An amendment which would have severely restricted protections for Native American women under the Violence Against Women Act (VAWA) was defeated yesterday evening.
The amendment, proposed by Senator Tom Coburn (R-OK), would have removed a new provision of VAWA that would allow Native American tribal courts to try non-Native Americans for cases of violence against women that occur on tribal lands against members of the reservation. The amendment was defeated in a 59 to 31 vote.
Senator Coburn proposed the amendment and argued that the new provisions would eliminate the constitutional rights of non-Native Americans if they go before a tribal court. Senator Maria Cantwell (D-WA) explained that Native American women experience abuse at a rate of two and a half times the national average, and argued that the new provisions extend constitutional rights to tribal courts. "This is about the life and death of women who need a better system to help prosecute those who are committing serious crimes against them," she said.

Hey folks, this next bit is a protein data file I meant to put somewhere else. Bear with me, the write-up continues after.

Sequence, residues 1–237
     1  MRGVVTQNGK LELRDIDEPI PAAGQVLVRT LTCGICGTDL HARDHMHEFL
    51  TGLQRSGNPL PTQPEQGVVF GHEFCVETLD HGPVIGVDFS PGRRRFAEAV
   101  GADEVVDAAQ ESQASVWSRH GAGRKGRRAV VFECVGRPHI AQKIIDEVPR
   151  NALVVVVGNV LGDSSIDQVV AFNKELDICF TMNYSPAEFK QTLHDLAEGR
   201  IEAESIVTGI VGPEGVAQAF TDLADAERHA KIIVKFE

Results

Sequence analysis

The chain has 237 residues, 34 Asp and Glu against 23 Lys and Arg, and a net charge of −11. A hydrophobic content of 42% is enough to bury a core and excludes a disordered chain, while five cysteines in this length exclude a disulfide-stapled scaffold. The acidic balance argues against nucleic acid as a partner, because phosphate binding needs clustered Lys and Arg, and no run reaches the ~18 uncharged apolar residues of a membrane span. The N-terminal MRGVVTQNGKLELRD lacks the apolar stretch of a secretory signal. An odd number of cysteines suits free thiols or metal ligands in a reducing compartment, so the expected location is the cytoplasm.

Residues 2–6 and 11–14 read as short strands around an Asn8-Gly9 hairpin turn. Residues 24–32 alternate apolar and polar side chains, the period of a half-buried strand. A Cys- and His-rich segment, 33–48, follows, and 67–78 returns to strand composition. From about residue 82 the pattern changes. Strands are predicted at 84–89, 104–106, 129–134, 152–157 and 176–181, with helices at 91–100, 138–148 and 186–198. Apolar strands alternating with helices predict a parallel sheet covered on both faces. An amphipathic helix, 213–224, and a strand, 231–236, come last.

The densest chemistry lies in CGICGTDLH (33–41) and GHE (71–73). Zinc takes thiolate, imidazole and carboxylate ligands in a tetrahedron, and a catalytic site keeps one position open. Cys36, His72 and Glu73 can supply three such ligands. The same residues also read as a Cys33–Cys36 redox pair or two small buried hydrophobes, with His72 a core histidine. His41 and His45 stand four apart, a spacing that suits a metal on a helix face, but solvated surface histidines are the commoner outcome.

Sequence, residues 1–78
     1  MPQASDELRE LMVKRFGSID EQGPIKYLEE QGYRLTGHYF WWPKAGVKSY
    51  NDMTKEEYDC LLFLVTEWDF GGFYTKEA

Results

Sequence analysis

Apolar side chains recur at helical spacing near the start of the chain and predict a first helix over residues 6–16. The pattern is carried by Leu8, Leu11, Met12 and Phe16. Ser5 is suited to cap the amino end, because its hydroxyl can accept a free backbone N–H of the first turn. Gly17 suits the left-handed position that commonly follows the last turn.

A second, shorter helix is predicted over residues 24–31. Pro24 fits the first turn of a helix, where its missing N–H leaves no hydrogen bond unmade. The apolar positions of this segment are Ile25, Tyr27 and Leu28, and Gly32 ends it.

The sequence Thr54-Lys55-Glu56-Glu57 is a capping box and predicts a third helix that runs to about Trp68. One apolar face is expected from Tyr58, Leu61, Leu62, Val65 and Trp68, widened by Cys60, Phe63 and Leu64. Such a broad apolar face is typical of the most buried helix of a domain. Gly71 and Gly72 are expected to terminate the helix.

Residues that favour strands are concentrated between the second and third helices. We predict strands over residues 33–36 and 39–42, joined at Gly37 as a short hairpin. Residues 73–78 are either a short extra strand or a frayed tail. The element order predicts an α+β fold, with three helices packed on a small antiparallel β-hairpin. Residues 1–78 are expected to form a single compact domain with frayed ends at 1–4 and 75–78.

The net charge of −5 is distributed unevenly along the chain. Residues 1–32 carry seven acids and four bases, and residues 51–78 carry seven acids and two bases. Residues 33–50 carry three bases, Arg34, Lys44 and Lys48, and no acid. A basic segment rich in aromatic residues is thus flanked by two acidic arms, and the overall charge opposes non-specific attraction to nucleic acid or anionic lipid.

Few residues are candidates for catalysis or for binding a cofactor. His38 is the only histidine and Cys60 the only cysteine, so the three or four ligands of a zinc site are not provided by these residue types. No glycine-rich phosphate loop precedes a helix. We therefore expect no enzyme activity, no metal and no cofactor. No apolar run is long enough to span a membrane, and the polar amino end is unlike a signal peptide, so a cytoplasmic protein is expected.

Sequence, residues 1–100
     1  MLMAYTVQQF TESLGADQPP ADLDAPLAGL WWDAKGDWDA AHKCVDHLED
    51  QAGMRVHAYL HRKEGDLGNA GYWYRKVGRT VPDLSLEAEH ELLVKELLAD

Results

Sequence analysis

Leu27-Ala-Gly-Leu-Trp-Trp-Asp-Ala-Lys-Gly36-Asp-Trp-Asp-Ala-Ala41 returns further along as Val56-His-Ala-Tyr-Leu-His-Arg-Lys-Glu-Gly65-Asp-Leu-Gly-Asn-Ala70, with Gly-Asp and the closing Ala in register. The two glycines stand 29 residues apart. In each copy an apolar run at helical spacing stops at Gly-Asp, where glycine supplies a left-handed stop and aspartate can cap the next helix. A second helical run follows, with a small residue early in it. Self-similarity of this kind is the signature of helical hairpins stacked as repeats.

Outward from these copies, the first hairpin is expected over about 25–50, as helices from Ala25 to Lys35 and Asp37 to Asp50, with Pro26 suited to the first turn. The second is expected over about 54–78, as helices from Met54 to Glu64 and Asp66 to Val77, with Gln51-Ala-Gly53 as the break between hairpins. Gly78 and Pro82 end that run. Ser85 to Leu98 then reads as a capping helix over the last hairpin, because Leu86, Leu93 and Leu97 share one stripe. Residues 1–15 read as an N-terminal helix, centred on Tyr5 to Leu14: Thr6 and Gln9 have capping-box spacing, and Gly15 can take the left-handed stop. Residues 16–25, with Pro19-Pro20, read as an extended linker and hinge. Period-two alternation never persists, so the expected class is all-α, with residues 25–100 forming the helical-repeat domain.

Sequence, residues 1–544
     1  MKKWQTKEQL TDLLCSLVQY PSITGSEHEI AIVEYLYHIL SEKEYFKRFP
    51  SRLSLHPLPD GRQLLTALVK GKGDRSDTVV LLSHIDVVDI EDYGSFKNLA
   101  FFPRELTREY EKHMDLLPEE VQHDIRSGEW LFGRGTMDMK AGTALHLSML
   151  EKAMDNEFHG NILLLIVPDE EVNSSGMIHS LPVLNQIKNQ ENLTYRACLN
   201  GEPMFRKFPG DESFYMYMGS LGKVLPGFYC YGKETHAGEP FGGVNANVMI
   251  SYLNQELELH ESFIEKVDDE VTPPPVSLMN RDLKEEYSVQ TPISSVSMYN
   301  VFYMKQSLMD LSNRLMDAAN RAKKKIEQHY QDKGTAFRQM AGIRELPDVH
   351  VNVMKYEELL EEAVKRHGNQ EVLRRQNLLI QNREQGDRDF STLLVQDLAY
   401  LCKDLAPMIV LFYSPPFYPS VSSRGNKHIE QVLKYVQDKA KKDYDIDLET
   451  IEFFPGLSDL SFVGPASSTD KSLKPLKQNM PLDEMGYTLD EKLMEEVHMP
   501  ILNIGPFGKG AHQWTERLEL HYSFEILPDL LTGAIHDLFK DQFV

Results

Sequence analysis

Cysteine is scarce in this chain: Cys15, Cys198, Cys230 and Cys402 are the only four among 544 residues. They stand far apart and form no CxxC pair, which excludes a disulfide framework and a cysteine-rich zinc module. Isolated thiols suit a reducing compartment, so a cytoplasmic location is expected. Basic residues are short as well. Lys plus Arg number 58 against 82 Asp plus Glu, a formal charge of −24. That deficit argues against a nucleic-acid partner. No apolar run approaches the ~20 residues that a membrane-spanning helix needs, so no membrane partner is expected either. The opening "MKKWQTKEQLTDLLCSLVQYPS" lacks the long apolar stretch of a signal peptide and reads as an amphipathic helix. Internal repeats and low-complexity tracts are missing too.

In late January, Senators Mike Crapo (R-ID) and Patrick Leahy (D-VT) reintroduced a bill to reauthorize the Violence Against Women Act (VAWA). The bipartisan-supported Senate VAWA includes expanded protections for Native American women, LGBTQ individuals, students, and immigrant women. Last week, an amendment that would have removed the expanded protections was defeated in a 65 to 34 vote.
Media Resources: Associated Press 2/12/2013; Senate Roll Call Vote on Coburn Amdt No. 13 2/11/2013; Feminist 2/8/2013; 1/23/2013
5/22/2013 Army Commander Suspended for Adultery Amid Wave of Sexual Assaults - On Tuesday, Brigadier General Bryan T Roberts was suspended from his position as commander of the Fort Jackson, South Carolina training camp which trains approximately 60% of incoming female recruits pending an investigation into allegations of adultery.
Roberts was suspended following allegations of "adultery and a physical altercation." Colonel Christian Kubik, an Army spokesperson for the Training and Doctrine Command, told reporters "We don't have any evidence of any sexual assault. . . .